Taylor Graham’s film “Glen Canyon Rediscovered” to screen at the 14th annual Durango Independent Film Festival, Feb. 27-March 4

“Glen Canyon Rediscovered” will be shown during the 14th annual Durango Independent Film Festival. Courtesy of Taylor Graham via The Durango Herald

From The Durango Herald (Katie Chicklinski-Cahill):

Taylor Graham never thought he would have the chance to explore Glen Canyon in Southern Utah.

The canyon, in southern Utah and extending into Arizona, was flooded in 1963 when the controversial Glen Canyon Dam was built, creating Lake Powell reservoir in the Arizona portion of the canyon, leaving many side canyons and an untold number of archaeological sites buried under water.

“Glen Canyon was a place I’d always heard about growing up in Durango and growing up in the river-running community,” the documentary filmmaker said. “I’d always heard of this wonderful world that was lost when Glen Canyon Dam was built in 1963.”

Graham, a Durango native and son of former City Councilor Scott Graham and Susan Graham, now lives in Salt Lake City. He said climate change and the Colorado River being “basically sucked dry in many parts” has caused Lake Powell to drop to a level that side canyons are emerging.

“I felt like it was an opportunity for me to go back and explore some of these places that I thought I would never see in my life,” he said.

Graham chronicled his exploration in the film “Glen Canyon Rediscovered.” It is a story about an epic 350-mile journey “to the remote and lost wonders of Glen Canyon,” but he said there was a bigger purpose for making the movie.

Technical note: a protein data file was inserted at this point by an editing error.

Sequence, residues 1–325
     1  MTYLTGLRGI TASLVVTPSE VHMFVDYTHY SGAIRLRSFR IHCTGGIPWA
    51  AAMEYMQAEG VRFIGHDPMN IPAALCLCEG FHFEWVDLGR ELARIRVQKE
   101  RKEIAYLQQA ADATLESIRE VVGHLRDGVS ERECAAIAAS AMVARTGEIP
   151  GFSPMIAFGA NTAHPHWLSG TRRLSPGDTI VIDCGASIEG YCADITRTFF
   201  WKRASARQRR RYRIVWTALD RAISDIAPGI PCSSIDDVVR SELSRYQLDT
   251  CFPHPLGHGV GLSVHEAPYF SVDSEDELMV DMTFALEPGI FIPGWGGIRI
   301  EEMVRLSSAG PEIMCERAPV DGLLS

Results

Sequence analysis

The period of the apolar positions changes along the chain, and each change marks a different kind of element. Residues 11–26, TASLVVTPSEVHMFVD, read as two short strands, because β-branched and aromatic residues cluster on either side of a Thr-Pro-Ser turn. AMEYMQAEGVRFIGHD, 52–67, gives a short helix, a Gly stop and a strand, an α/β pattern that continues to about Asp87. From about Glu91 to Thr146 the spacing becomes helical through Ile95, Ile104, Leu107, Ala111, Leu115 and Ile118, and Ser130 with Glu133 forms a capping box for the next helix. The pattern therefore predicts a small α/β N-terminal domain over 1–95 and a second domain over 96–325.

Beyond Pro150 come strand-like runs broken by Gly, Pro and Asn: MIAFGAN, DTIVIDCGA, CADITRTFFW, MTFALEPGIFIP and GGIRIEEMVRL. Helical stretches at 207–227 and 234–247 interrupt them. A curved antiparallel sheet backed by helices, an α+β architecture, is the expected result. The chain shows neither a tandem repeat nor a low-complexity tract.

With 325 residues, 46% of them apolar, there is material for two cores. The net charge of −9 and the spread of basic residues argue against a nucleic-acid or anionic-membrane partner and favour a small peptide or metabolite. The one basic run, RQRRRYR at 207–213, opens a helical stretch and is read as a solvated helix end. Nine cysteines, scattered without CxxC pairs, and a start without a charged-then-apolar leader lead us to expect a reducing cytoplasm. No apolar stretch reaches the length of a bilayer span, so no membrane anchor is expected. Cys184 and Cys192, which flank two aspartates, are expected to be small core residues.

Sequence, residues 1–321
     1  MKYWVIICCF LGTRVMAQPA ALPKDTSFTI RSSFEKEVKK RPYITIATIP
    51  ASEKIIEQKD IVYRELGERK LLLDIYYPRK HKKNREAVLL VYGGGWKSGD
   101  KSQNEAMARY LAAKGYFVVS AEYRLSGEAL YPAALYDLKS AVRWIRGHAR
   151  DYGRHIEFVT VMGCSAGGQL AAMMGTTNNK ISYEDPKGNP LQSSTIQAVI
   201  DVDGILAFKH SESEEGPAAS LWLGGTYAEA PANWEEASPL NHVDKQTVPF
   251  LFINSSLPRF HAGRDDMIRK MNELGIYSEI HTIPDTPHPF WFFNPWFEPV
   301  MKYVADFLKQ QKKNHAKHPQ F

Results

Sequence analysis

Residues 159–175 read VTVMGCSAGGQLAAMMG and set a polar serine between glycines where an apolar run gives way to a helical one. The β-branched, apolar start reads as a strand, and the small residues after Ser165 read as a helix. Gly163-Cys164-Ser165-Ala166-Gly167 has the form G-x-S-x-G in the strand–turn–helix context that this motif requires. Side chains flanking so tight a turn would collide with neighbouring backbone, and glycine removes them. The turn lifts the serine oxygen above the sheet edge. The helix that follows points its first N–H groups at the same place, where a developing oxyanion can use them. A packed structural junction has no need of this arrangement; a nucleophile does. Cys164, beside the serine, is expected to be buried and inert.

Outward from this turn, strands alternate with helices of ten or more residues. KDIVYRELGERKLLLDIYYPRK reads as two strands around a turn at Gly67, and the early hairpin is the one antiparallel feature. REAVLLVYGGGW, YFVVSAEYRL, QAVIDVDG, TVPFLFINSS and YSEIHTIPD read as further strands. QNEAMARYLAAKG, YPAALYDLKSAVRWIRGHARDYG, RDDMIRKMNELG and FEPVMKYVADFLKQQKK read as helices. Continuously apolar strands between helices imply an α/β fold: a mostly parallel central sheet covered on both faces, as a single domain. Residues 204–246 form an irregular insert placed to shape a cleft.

“I set out to make the film to highlight the ways in which climate change and resource mismanagement are affecting the Colorado River and to connect my generation with the story of the loss and resurrection of Glen Canyon,” he said.

Graham and a crew of three – Courtney Blackmer-Raynolds, Micah Berman and Isabelle La Motte – loaded up sea kayaks in fall 2017 and took off on a 42-day expedition on the reservoir. According to the film’s official website, the group started in Moab, Utah, paddled through Cataract Canyon and across the length of Lake Powell to the Glen Canyon Dam site near Page, Arizona.

The film itself was about a year-and-half-long endeavor, Graham said. “Glen Canyon Rediscovered” was released in December through National Geographic, which also helped fund the project with an explorer grant. It will be screened as part of “The Cause and the Call Adventure” program during the Durango Independent Film Festival, which will run Feb. 27 through March 4.

Changes in the northeastern reaches of Lake Powell are documented in this series of natural-color images taken by the Landsat series of satellites between 1999 and 2017. The Colorado River flows in from the east around Mile Crag Bend and is swallowed by the lake. At the west end of Narrow Canyon, the Dirty Devil River joins the lake from the north. (At normal water levels, both rivers are essentially part of the reservoir.) At the beginning of the series in 1999, water levels in Lake Powell were relatively high, and the water was a clear, dark blue. The sediment-filled Colorado River appeared green-brown. To see the complete series go to: earthobservatory.nasa.gov/WorldOfChange/LakePowell. Photos via NASA

Leave a Reply